Also a pretty international patent application relates to "list scrolling and document translation, scaling, and rotation on a touch-screen display." Apple filed for this in China, South Korea, Australia, Canada, Japan, and massively in Europe where it designated 34 countries (even including tiny states like Liechtenstein and Monaco) and took out a fast-track German utility model in addition to applying for a full-blown patent.
Apple's patent application for an "automated response to and sensing of user activity in portable devices" was filed in Canada, China, Japan, South Korea, with the EPO, plus a fast-track German utility model.
Compared to those examples, Apple's patent application going back to 1995 and relating to a "method and apparatus for distributing events in an operating system" was modest. The European patent application only relates to the UK and Germany. They also filed for it in Australia and Japan.
Two other international patent applications from the mid-1990's were limited to Australia and Europe: "a network component system" and a "real-time processing system for serially transmitted data". The international scope of an application published three years ago, relating to an "extensible, replaceable network component system", is similarly limited.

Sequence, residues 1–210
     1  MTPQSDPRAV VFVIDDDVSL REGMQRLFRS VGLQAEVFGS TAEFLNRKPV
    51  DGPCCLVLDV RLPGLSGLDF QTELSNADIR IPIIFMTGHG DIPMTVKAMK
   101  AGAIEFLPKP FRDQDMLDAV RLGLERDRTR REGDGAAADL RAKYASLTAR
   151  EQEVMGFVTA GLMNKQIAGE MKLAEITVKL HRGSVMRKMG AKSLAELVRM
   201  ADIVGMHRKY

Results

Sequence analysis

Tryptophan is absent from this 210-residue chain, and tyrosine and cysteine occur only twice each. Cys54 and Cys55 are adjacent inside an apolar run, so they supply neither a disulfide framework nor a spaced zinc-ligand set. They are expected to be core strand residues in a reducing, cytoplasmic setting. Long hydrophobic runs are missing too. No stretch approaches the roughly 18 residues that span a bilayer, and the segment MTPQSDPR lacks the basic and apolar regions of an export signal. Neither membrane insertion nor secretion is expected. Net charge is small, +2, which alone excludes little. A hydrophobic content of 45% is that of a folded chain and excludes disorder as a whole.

Oracle/Sun: some international patents (but not on an Apple scale)
Sun filed for a patent on "protection domains to provide security in a computer system" in Australia and at the EPO, where it withdrew it (probably by failure to pay fees) in 2000. Companies withdraw such applications only if the examiners have serious objections that make it a waste of time and money to continue the process.
The patent application for a "method and device for preprocessing and packaging of class file" was filed in Japan and with the EPO, where Sun designated six countries (Germany, France, UK, Italy, Netherlands and Sweden).
The James Gosling patent application for a "method and apparatus for resolving data references in generated code" is, surprisingly, still being processed by the EPO in some newer form but an older one appears to have been granted a long time ago. It was also filed for in Japan.
Paul Allen's Interval Licensing: could also litigate overseas
Interval filed for its patent on a "browser for use in navigating a body of information, with particular application to browsing information represented by audiovisual data" in Australia and with the EPO, where it, however, withdrew its application in 2000.
Finally, an Interval patent-in-suit with significant international presence relates to an "attention manager for occupying the peripheral attention of a person in the vicinity of a display device." It was filed for in Australia, Japan, and with the EPO, with Germany, the UK and France being the designated countries there.
This overview demonstrates that the patent game is a global one, even though there are reasons (mentioned further above) for which litigation usually takes place in the US when patents are enforced against major IT companies.If you'd like to be updated on patent issues affecting free software and open source, please subscribe to my RSS feed (in the right-hand column) and/or follow me on Twitter @FOSSpatents.